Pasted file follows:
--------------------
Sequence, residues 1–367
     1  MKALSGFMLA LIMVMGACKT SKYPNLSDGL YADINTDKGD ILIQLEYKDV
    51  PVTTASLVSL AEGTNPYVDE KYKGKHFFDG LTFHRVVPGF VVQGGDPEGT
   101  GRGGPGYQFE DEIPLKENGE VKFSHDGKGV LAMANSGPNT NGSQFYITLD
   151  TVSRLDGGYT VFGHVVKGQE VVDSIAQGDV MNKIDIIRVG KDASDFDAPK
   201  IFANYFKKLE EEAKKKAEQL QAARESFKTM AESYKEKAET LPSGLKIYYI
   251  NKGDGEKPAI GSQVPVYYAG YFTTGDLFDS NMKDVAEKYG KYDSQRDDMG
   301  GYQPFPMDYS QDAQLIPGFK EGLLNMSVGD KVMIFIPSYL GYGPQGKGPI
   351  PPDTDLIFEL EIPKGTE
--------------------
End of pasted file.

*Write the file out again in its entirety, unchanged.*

Sequence, residues 1–367
     1  MKALSGFMLA LIMVMGACKT SKYPNLSDGL YADINTDKGD ILIQLEYKDV
    51  PVTTASLVSL AEGTNPYVDE KYKGKHFFDG LTFHRVVPGF VVQGGDPEGT
   101  GRGGPGYQFE DEIPLKENGE VKFSHDGKGV LAMANSGPNT NGSQFYITLD
   151  TVSRLDGGYT VFGHVVKGQE VVDSIAQGDV MNKIDIIRVG KDASDFDAPK
   201  IFANYFKKLE EEAKKKAEQL QAARESFKTM AESYKEKAET LPSGLKIYYI
   251  NKGDGEKPAI GSQVPVYYAG YFTTGDLFDS NMKDVAEKYG KYDSQRDDMG
   301  GYQPFPMDYS QDAQLIPGFK EGLLNMSVGD KVMIFIPSYL GYGPQGKGPI
   351  PPDTDLIFEL EIPKGTE